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Cobic-Ex will explain everything you need to know about the lower explosive limit in this article. We will also explore how the LEL varies among different substances and discuss additional topics related to the lower explosion limit.

What Is LEL?

For an explosion to occur, three elements must be present: air, combustible gas, and an ignition source. These elements are also known as the fire triangle. However, for the combustible gas to be capable of causing an explosion, it must be within a specific concentration range. This is where the concepts of the lower and upper explosive limits become important. Consequently, this leads to the question: What does LEL mean?

The lower explosive limit represents the minimum concentration of a specific gas or vapor required to burn in air. This limit is expressed as a percentage and varies between gases and vapors. For example, the LEL of ethane is approximately 3%, while that of methane is 5%. This indicates that a lower concentration of ethane, compared to methane, is needed to support ignition.

From this understanding, we can deduce that the concentration range necessary for ignition varies depending on the substance. This brings us to the significance of the upper explosive limit (UEL), which will be discussed in the following section

The three elements of the fire triangle: oxygen, ignition and fuel

The Lower And Upper Explosive Limits

In addition to requiring a minimum concentration to support ignition, gases, and vapors also have a maximum concentration threshold beyond which they cannot contribute to an explosion. The upper explosive limit (UEL) represents this threshold: it is the highest concentration of a gas or vapor in the atmosphere that can produce a flash or fire when an ignition source is present.

But what happens if the concentration of a particular flammable gas falls below the lower explosive limit or exceeds the upper explosive limit in the presence of an ignition source? Interestingly, the answer is nothing. In these situations, the concentration of the flammable gas is not within the range necessary to generate a flash or fire.

In the image above, the LEL and UEL are graphically represented to facilitate a better understanding of these concepts. Additionally, in terms of gas/air mixtures, a mixture is termed ‘too rich’ if its concentration surpasses the upper explosive limit. Conversely, if the concentration of a flammable gas falls below the lower explosive limit, the gas/air mixture is considered ‘too lean.’

The Lower Explosive Limit of Various Substances

Questions such as ‘What is the gas LEL?’, ‘What is the LEL of methane?’, and ‘What is the LEL of hydrogen?’ are commonly asked in contexts dealing with flammable gases and vapors. Environments that contain combustible gases and vapors are typically classified as ATEX Zones.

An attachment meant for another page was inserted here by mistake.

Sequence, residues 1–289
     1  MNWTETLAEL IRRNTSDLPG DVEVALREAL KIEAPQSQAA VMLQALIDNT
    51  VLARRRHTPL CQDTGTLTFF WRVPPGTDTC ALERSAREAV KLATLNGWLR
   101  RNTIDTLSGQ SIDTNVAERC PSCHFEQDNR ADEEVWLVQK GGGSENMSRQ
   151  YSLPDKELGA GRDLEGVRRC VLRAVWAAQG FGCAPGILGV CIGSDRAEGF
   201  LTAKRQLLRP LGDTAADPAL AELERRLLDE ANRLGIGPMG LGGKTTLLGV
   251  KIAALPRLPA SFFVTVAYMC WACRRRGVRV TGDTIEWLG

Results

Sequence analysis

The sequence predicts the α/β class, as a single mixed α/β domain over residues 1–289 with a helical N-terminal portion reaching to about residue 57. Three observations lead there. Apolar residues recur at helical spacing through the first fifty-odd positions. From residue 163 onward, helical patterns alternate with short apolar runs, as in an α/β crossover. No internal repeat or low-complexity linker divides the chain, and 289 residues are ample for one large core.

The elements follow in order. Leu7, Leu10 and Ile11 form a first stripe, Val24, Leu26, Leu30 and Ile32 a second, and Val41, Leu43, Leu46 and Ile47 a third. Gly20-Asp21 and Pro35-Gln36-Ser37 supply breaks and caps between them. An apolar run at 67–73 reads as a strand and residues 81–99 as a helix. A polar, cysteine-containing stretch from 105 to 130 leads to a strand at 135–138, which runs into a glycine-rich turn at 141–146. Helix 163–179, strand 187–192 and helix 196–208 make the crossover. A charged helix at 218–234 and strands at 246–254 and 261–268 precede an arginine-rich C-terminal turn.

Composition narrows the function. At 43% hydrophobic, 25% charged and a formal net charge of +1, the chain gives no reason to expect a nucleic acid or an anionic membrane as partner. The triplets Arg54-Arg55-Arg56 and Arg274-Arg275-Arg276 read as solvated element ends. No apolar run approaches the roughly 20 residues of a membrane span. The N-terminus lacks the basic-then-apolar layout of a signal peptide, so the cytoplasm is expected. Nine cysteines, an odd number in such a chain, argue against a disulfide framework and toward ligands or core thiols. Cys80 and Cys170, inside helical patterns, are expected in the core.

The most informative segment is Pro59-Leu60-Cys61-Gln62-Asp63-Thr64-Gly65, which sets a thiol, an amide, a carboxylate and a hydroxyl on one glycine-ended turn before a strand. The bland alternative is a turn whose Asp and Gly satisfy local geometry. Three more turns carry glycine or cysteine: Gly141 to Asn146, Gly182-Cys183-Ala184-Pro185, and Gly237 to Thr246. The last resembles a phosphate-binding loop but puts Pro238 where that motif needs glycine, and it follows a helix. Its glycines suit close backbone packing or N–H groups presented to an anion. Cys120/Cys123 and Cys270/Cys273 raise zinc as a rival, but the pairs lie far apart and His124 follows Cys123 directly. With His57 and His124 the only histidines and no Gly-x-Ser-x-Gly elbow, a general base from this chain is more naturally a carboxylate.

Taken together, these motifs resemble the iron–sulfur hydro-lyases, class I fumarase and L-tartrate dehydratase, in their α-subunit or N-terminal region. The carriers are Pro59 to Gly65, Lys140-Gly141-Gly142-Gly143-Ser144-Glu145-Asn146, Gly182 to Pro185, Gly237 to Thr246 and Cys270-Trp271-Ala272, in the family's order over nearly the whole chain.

To address these queries, we have included a table that illustrates the lower explosive limit (LEL) and upper explosive limit (UEL) of various flammable gases and vapors, measured in volume.

Type of gas LEL UEL
n-Butane 1.8% 8.4%
Iso-Butane 1.8% 8.4%
Ethane 3% 12.4%
Ethylene 2.7% 36%
Hexane 1.2% 7.4%
Hydrogen 4% 75%
Methane 5% 17%
Pentane 1.5% 7.8%
Propane 2.2% 9.5%


It is noteworthy that hydrogen has a considerably broad range within which it can produce a flash or fire when exposed to an ignition source, necessitating cautious handling of this substance.

In contrast, pentane’s explosive limits are much closer together, resulting in a narrower range that supports ignition.

Consequently, compared to hydrogen, pentane poses a lower risk in environments where explosions are a potential hazard.

How Is The Lower Explosive Limit Measured?

Flammable gases and vapors are common in various industries, including oil and gas, chemical production, and transportation. Ensuring worker safety in these explosive atmospheres is paramount. This involves monitoring the concentration of these gases to maintain safe conditions where flammable gases and potential ignition sources coexist. But how is this concentration measured?

Typically, the concentration of gases in an area is determined using sensors, often referred to as ‘LEL sensors.’ These sensors measure the difference in resistance between two elements, one of which contains a catalyst. This resistance correlates to the lower explosive limit.

However, there are various methods to measure the concentration of certain gases within an area. It’s important to note that safety is not automatically ensured by the use of LEL sensors alone. Therefore, it’s crucial to implement comprehensive safety measures in your work environment.

For any questions or additional information, please don’t hesitate to reach out to us at And remember, explosive atmospheres are more common than you might think!

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